Lott's of Concern
Democrats and Republicans alike are finding plenty of reasons to criticize the comment Senate majority leader Trent Lott made at Sen. Strom Thurmond's recent birthday party. But maybe not the right reasons.
While Mr. Lott probably is a reformed ex-segregationist, he showed extraordinary insensitivity not befitting a Senate leader. An unfortunate off-the-cuff remark is one thing; when it's nearly a verbatim repeat of a sentiment expressed in 1980, it's more difficult to believe such sentiments aren't more permanently held on the sleeve.
Mr. Lott himself only recently took to the airwaves to apologize. The fact that he plans to further explain his views this week is another sign he thinks the matter could still just blow over.
Also making matters more political than heartfelt was word that Lott threatened to leave the Senate if he lost the Republican leadership post, a move that once again would split the Senate as much as race has split the country.
Democrats, still lacking a real leader and a message, look as if they've picked up on the remark and decided to run with it simply to fill a substantive political void.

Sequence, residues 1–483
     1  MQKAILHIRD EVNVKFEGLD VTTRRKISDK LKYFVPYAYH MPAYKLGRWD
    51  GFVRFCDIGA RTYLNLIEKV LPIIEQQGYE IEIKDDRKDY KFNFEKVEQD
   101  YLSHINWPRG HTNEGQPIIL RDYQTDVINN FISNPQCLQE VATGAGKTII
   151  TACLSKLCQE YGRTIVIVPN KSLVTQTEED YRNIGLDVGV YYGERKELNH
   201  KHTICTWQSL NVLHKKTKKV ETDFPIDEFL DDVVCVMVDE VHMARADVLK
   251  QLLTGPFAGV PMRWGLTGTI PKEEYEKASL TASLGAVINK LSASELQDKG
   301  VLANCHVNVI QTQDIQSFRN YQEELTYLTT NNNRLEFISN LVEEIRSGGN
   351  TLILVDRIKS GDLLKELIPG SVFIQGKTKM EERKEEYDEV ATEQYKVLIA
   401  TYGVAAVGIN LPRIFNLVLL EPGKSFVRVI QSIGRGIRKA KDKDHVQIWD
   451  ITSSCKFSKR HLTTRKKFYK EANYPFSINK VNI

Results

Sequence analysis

Republicans were too slow in chastising Lott, and that makes them look as if they were just embarrassed and unsure of how to handle things from a purely political perspective.
The president's own tardy admonition of Lott's comment, and word now that the White House will look the other way if other Republican senators challenge Lott's leadership, also shows a lack of leadership in vigorously addressing any hint of racism, especially at such a high level.
Seeking political gain out of this affair should not be the motive of public figures questioning Lott's leadership.
His comments are of high concern because they reflect a continuing need in a multiracial United States to constantly and actively confront attitudes of racial prejudice.
Indeed, a fellow longtime senator, Robert Byrd (D) of West Virginia, just a year ago made a racially insensitive remark, and still has not taken the Senate floor to apologize. Older politicians who come out of another era of racial sensitivities must wake up to their responsibility to be at the forefront of racial healing.
Whether Lott goes or stays in the Senate, this affair can serve as a mirror for all Americans to look deep within their daily thoughts, and make sure there are no lingering aspects of racism.